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The Milton Area Youth Center is just one way Jon Cruzan has helped Milton

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NEIL W. JOHNSON
March 27, 2012
— When Jon Cruzan moved to Milton from New England at age 16, his life changed.

He became more confident, more studious, more outgoing.


Maybe it was the tight church community that Cruzan had as the son of a Baptist minister. Or maybe it was the intimate atmosphere at tiny Milton College in the early 1970s that allowed him to shine as a student and an individual.


Or it could have been Milton's small-town environment, which Cruzan says always makes him feel at home volunteering his talents and ambitions to make the city a better place.


Cruzan, who works in human resources with Mercy Health System, is a Milton School Board member and has been a Neighborhood Watch organizer, among other volunteer posts.


Add organizer of the Milton Area Youth Center to that list.


After three youth heroin overdoses in Milton in 2009 and a rise in area youth crime, Cruzan, a member of Milton Seventh Day Baptist Church, formed a steering committee of city leaders, police and volunteers to make the faith-based Milton Area Youth Center happen.


The after-school youth center, which opened in March 2011 in the downstairs of Old Main on the former Milton College campus, now serves about 40 junior high students a day.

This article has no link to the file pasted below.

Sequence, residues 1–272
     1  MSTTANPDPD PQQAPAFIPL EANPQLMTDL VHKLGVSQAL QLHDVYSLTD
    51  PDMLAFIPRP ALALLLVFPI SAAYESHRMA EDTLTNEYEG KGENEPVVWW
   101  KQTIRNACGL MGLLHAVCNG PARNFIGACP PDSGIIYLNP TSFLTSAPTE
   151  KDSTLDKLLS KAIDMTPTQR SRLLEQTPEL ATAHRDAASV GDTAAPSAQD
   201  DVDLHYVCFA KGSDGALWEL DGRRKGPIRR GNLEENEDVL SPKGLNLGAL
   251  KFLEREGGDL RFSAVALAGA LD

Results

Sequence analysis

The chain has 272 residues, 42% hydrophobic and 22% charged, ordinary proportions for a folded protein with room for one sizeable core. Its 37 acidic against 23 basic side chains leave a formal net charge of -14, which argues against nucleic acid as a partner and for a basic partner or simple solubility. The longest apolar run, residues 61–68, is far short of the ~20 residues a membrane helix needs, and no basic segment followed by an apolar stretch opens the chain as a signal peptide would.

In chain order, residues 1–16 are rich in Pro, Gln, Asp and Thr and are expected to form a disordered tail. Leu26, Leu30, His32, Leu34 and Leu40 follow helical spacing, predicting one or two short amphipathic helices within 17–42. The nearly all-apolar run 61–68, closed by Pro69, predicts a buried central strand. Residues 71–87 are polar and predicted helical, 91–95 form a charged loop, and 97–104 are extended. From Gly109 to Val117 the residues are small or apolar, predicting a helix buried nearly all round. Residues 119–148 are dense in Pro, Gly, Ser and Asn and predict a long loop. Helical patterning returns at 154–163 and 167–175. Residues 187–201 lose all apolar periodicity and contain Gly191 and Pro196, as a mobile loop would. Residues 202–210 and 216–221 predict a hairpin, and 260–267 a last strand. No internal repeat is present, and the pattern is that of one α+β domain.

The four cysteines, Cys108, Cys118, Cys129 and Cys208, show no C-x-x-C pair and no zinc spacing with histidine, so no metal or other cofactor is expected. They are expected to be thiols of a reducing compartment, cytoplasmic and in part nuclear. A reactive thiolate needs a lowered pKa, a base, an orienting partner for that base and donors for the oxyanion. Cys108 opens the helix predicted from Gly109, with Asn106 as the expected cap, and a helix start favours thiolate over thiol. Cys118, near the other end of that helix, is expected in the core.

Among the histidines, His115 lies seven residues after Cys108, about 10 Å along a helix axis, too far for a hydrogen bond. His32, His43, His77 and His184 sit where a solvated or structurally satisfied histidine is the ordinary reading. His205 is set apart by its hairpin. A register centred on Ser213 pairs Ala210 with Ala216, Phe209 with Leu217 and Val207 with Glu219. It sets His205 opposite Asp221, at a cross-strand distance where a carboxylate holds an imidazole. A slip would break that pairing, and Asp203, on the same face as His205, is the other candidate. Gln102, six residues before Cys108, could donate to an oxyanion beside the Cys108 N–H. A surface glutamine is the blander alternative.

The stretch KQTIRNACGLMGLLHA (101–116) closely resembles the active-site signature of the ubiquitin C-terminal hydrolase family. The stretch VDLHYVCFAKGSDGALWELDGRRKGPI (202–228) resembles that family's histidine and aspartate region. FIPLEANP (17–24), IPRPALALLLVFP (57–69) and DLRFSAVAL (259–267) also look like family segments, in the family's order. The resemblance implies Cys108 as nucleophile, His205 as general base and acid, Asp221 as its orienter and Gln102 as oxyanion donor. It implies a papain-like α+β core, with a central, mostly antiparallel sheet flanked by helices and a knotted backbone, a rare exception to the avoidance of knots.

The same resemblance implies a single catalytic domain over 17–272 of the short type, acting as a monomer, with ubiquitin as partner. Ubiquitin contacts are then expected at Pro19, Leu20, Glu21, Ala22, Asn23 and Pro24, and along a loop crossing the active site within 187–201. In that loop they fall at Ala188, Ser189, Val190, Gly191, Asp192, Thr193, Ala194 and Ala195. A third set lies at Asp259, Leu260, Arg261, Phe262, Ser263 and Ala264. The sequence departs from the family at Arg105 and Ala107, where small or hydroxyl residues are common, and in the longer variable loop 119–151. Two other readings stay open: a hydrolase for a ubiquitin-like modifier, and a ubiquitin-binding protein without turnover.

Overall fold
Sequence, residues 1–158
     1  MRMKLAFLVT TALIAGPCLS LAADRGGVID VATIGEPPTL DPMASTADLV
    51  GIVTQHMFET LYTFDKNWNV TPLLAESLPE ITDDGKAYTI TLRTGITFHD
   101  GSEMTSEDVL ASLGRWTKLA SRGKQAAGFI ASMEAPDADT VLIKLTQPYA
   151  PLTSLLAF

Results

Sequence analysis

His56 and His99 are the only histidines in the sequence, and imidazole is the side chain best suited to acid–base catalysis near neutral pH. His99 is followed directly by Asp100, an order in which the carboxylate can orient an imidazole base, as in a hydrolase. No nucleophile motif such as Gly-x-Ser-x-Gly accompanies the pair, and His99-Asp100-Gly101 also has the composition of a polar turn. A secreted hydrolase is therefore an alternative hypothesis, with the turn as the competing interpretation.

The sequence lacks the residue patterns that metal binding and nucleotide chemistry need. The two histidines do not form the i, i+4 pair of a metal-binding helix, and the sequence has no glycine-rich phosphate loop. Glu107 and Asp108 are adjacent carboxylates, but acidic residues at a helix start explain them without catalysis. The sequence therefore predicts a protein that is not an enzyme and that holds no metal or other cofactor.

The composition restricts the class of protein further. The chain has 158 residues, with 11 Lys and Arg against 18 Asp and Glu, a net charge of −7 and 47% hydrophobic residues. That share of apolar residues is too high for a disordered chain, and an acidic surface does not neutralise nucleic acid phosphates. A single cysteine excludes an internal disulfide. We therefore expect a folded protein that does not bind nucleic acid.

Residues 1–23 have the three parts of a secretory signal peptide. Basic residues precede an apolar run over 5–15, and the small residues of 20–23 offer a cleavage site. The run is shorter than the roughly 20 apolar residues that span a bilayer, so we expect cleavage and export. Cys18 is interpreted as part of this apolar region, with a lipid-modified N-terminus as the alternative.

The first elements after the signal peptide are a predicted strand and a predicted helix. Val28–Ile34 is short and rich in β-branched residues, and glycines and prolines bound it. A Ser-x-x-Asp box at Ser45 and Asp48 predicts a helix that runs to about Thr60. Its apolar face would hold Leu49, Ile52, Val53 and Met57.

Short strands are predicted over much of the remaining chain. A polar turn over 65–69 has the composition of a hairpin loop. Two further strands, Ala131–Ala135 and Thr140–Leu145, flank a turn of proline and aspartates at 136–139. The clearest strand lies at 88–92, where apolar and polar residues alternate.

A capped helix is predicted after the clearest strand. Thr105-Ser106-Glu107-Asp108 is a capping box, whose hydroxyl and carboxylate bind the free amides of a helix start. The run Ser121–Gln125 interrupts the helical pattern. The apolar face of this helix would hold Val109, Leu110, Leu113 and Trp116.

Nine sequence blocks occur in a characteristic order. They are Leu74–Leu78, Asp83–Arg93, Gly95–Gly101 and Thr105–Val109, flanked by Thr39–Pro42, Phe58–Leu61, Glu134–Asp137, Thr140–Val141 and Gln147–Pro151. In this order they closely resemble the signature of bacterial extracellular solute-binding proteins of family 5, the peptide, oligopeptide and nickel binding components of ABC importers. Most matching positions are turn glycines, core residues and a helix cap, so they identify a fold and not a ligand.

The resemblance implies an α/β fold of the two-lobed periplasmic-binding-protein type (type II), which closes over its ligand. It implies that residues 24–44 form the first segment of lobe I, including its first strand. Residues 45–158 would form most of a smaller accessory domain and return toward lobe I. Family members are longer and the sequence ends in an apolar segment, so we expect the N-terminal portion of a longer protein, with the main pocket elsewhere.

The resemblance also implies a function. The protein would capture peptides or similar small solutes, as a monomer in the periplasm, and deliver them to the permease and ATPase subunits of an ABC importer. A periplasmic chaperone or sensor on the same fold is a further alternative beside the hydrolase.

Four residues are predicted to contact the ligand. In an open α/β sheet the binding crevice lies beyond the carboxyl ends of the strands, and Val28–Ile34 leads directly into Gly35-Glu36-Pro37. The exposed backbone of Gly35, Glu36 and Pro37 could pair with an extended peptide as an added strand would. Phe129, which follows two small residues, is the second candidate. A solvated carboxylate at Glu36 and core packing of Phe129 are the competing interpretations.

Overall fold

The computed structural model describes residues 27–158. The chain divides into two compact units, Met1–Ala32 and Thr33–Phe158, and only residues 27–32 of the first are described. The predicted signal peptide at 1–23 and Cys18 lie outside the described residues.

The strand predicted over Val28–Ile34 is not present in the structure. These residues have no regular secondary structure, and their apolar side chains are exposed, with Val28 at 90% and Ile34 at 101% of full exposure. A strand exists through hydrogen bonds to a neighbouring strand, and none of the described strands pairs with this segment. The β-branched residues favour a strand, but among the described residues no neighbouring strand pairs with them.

Months of work and planning by Cruzan and dozens of volunteers combined with a gut feeling by Cruzan and the Rev. Nate Crandall, pastor at Milton Seventh Day Baptist church, that Old Main was the perfect spot for the center.


Cruzan said things haven't changed much from when he was a college student hanging out in the lounge in Old Main.


"Time goes by, and it's always different kids. But they always have the same needs—to have a place to go, a place to be heard, a place to connect. If you're young and you don't connect, you simply fall out of everything," Cruzan said.


Milton Police Lt. John Conger worked with Cruzan on the youth center plan and on Neighborhood Watch. He said it's clear Cruzan wants all people in Milton—not just youths—to connect and to be heard.


Conger said Cruzan's attitude was one of the main reasons the youth center plans came through.


"When you go into a collaboration like a youth center, you're always going to have a lot of different voices," Conger said. "Jon is always willing to listen and take into consideration all other people's feelings and thoughts and put them into context in any situation."


Cruzan credits the network of people he's worked with on local committees and boards, including those working to make the youth center a success. He says they're all part of the core of a city that's changed and shaped his life.


He hopes the new life in Old Main can do the same for young people.


"It's the right niche, the right community, the right people—that's the only way that something like this can happen," Cruzan said.



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